Y-rays pass through most materials and can not be reflected in mirrors, such as optical
photons. The γ-ray spectroscopy is important since this region of the electromagnetic
spectrum offers a lot of information about processes that are occurring in the Universe. In
addition to the studies of high resolution ray spectroscopy for astronomical research.
Because of their penetrating power, y-rays are used to verify metal parts and determine
faults. In addition, the detectors are used to verify loads and verify the presence of
radioactive materials, monitor hazardous waste sites and environmental contamination. In
medicine, γ radiations for radiotherapy are widely used for the treatment of certain types of
X-rays: they are used mainly in the fields of scientific research, industry and medicine. X-
rays have found applications at the medical and industrial level. For its detection, several
types of detectors are required. Photographic plates, Geiger counters, scintillation detectors
and semiconductor detectors are used.
X-ray fluorescence spectroscopy is a method that is based on the phenomenon of X-ray
fluorescence, which involves the internal levels of the K and L layers. It is used to measure
the elemental composition of a material. As the method is not destructive and fast, it is
widely used for studies in the field and industrial production for quality control of
X-ray Dispersive Energy spectroscopy identifies the elemental composition of a material
observed in the scanning electron microscope (SEM) of all elements with higher atomic
numbers than boron.
The most important use of X-ray diffraction is X-ray crystallography and powder X-ray
diffraction. Diffraction occurs according to Bragg's law for a crystalline substance. The
electrons that surround the nuclei of the atoms are those that interact with the X-ray
photons of the source. The analysis of the diffraction patterns produced allows determining
the distances between planes, the spatial group and eventually the crystalline and molecular
structure of the material.

The computed tomography (CAT) technique is used to obtain 2D and 3D views of the
internal structure of the body. UV-Visible Applications The variety of practical applications
of the UV-visible region has been developed due to the variety and sensitivity of the
radiation detectors in this region. The main detectors are: photomultiplier tube (PMT),
semiconductor detectors, photodiodes, charge coupled devices (CCD).

Gamma Rays: are used to sterilize instruments that can not be sterilized by other methods,
and with considerably lower risks to health, are also used in radiotherapy.

5. What is the refraction index and what kind of information give us

about the electromagnetic waves behavior?

The refractive index is defined as the speed of light in a vacuum, divided by the speed of
light in the middle. The refractive index (n) of a material medium is the quotient of the
speed of light in vacuum (c) and the speed of light in the medium (v).
Electromagnetic waves propagate through vacuum and when they penetrate a material
medium, their wavelength is reduced proportionally to their refractive index.

If instead of going from the vacuum to a material medium, light passes from one medium
to another, you can use the relative refractive index, from medium 2 to 1. The refractive
indices of two media are inversely proportional to the velocities of the light and the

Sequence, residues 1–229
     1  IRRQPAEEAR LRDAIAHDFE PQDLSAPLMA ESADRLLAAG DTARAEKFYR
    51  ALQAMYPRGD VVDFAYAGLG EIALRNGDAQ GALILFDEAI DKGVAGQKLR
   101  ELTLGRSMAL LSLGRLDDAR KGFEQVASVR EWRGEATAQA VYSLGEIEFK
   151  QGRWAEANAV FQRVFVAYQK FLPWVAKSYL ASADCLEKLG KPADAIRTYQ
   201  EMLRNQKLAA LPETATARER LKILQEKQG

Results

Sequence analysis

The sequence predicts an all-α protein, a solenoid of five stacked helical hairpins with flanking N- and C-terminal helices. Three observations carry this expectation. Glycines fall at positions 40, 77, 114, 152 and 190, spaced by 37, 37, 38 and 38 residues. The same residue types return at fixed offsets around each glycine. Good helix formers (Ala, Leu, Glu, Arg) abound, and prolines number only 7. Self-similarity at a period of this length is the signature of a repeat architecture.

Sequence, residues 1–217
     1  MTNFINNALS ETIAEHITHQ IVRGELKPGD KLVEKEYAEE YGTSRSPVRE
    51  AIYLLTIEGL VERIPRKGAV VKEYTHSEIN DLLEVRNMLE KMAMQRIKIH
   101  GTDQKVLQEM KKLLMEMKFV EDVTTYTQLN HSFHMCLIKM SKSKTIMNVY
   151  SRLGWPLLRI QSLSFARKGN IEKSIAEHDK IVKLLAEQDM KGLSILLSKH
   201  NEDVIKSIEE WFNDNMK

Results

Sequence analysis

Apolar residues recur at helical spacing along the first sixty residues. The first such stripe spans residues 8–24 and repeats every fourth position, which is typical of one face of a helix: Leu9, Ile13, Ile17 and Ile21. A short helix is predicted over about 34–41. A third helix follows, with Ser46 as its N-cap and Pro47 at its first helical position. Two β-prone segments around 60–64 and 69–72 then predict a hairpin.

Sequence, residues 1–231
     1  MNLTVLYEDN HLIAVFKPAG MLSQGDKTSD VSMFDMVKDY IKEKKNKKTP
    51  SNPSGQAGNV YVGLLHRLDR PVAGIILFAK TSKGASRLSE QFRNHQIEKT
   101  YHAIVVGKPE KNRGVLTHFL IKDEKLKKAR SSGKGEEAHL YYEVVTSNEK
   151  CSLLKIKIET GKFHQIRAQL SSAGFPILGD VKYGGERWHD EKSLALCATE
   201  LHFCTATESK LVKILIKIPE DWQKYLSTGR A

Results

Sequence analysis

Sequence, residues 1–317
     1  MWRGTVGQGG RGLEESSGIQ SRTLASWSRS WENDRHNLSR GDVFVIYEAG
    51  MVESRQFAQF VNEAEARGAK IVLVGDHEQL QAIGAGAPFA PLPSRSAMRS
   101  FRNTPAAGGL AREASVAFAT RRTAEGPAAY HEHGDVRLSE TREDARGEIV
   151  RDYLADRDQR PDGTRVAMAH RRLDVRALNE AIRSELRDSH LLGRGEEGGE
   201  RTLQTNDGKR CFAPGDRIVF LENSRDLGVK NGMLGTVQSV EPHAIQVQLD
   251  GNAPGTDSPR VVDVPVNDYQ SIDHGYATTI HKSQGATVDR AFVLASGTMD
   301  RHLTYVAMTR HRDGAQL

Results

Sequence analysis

wavelengths in those media. When the refractive index increases, the speed of light and the
wavelength decrease.

6. What is a plane wave and a non-plane wave and where are they
used? What is a magnetic and a nonmagnetic medium and where are
they used?

In the case of FLAT WAVES, (case of all the models used so far), the vibration energy is
transmitted particle to particle and, there is always the same number of particles in the
following planes, so: INTENSITY in a FLAT WAVE remains constant as it propagates.

A flat or one-dimensional wave, is a wave of constant frequency that has wave fronts
(surfaces with constant phase) parallel planes of constant amplitude normal to the velocity
of phase of the vector. That is, they are those waves that propagate in a single direction
throughout space. If the wave propagates in only one direction, its wave fronts are flat and
parallel. For example, a source of electromagnetic waves such as an antenna produces a
field that is approximately flat in a far field region. That is, at a distance far from the
source, the waves emitted are approximately flat and can be considered as such.

Spherical or non-planar waves. In the case of SPHERICAL WAVES, the vibrational

energy of the particles of a sphere must be transmitted to those of the next sphere (with
greater radius) whereby the energy is distributed each time between more particles with
what the intensity of a Spherical wave should decrease as the distance to the sound source
increases. Since the surface of a sphere is the intensity of a spherical wave, it will vary with
the distance to the focus in the following way:

The INTENSITY of a SPHERICAL WAVE decreases with the square of the distance to the
sound source. This is called ATTENUATION of M.O.

It is called a spherical wave because its wavefronts are concentric spheres, whose centers
coincide with the position of the source of disturbance.

Sound waves are spherical waves when they propagate through a homogeneous and
isotropic medium, such as air or water at rest. Light also spreads in the form of spherical
waves in air, water or vacuum.
Magnetic medium
A magnetic medium is a storage medium that makes use of magnetic patterns to
characterize the information. The magnetic storage means uses a magnetic read and write
data head. The medium used for storage can be a plastic tape coated with fine particles of a
Examples of magnetic media are:
• Floppy Disks, Flexible Disks or Floppy Disks (FD)
• Hard Drives, Rigid Discs or Hard Disks (HD)
A non-magnetic medium is a medium that does not require magnetic patterns to
characterize the information.


M. A. Plonus. Loss tangent or dissipation factor. Applied electromagnetism. Editorial

Reverté. Pag 588.

David C. Cassidy, Gerald James Holton, Floyd James Rutherford

(2002). Understanding physics. Birkhäuser.

Crawford jr., Frank S. (1968). Waves (Berkeley Physics Course, Vol. 3),